- If regular treatment isn’t working for you, talk to your physician about trying oral medication.
Can you use oral medication on genital warts?
The answer is yes, you can use oral medication for warts. Because of the very sensitive nature of the genitals, you have to be careful with the things you put on them. The skin there has an abundance of delicate nerve endings, and if damaged, there can be permanent nerve damage or scarring.
HPV can’t be killed by antibiotics, which can easily destroy bacteria. Instead, a virus has to be killed by antibodies, which are the particles in your body that your immune system creates to kill a virus. Sometimes your body makes them easily, like when you have a cold. Sometimes your body can’t seem to create them at all, like is the case with HIV, polio, and HPV.
Your doctor may want to try topical medication first, like Aldara cream or Podofilox, and perhaps even some careful cryotherapy. It’s also possible they’ll go straight to oral medications. The advantage of this is that you can get rid of your genital warts without disturbing any of the genital skin.
One medication common for a physician to use is a powerful liquid called Trichloroacetic acid. This is applied by your doctor in an office setting and has been shown to produce powerful wart-killing results. Go here for further details on Trichloroacetic acid wart removal.
The common wart
The common wart is just another name for the basic wart you find on most areas of the body.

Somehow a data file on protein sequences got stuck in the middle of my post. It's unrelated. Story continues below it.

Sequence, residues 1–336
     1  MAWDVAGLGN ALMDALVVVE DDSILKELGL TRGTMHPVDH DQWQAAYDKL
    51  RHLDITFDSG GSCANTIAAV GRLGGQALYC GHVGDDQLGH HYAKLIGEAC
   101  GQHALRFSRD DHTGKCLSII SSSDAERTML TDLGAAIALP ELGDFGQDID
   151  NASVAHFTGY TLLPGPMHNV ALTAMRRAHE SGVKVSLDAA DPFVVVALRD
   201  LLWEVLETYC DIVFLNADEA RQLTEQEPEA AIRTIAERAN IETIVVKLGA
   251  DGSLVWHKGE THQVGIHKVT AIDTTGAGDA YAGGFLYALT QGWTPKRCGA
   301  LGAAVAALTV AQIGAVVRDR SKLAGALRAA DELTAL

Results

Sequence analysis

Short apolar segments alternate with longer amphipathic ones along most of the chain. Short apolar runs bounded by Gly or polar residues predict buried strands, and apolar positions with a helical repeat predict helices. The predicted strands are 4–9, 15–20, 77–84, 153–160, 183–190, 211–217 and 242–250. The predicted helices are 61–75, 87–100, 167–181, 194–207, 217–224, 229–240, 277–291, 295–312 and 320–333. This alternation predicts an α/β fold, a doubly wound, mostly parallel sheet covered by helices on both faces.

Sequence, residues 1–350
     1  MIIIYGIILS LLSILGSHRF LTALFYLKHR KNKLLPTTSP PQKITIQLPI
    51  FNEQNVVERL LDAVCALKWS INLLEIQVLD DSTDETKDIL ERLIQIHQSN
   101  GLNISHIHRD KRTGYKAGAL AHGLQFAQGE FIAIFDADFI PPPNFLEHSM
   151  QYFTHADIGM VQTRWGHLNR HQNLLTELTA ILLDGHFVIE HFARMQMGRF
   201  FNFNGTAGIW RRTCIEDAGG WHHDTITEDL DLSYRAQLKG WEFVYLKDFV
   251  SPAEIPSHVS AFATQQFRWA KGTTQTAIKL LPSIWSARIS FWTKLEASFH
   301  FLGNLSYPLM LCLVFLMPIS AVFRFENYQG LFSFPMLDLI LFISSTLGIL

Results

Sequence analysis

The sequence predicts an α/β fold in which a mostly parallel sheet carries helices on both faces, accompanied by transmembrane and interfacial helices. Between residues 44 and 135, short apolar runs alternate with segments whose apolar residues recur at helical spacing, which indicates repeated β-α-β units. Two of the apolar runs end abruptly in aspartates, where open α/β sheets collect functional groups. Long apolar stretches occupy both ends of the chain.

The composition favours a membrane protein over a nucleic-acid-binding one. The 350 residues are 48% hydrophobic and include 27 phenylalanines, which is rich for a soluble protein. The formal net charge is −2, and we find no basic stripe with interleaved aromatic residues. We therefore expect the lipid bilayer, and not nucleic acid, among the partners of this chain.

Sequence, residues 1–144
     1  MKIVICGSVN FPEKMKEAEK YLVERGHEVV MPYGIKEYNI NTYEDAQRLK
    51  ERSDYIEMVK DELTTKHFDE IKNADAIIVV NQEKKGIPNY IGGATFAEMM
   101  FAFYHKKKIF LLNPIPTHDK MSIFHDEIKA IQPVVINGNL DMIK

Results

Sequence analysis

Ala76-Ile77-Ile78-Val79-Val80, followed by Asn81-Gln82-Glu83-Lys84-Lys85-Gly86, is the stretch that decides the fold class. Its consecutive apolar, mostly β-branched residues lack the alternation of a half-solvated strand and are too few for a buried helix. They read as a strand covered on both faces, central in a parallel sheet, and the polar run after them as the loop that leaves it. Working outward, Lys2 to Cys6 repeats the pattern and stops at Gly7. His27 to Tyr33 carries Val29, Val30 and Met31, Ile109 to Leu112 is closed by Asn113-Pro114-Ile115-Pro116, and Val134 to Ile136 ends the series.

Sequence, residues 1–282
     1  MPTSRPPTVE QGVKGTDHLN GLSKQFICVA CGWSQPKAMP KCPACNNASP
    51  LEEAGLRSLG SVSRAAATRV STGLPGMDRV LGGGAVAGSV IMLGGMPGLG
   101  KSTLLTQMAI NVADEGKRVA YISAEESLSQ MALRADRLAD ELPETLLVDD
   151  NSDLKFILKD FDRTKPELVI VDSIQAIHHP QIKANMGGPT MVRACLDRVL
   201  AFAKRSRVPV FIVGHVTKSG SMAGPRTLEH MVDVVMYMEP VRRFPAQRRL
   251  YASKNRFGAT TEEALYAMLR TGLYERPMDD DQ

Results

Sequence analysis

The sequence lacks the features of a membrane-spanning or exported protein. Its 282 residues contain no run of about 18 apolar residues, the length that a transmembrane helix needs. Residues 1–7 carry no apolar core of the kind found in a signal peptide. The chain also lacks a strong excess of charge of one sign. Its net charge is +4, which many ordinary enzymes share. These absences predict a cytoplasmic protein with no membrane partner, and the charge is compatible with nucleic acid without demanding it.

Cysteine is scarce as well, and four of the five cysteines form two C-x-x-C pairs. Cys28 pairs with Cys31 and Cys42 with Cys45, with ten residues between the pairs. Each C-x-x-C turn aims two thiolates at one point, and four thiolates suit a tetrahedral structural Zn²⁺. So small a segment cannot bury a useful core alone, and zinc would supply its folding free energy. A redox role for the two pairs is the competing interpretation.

Areas you can find them include:
- Tops of your feet.
When HPV gets into your skin, it travels through your body and settles into the upper layer of epithelial cells in your skin, inactive and waiting. Periodically, the virus will activate, replicating until it grows enough wart cells that they break out of the skin, producing a visible wart. Size is dependent on when the virus decides to stop replicating. Sometimes it stops quickly, only producing a small wart, and sometimes it seems like it goes on forever, creating a large wart in your skin.
What Are Some Oral Medications I Can Use?
It can be hard to find an oral medication to use for your warts, as viruses are hard to treat with medication.
But there are definitely options:
- Zinc Sulphate: Zinc has been used as an immunomodulator for years to treat various ailments, including dermatological issues. It’s been found that many people with warts have low blood levels of zinc and could benefit from a supplement.
- Echinacea, Elderberry, and Vitamin C: These natural compounds have been shown to boost your immune system. One way they help is to prevent the virus itself from activating, meaning that it will stay dormant and won’t produce any warts. The supplements also amp up your body’s immune response, which can sometimes target and kill the virus completely.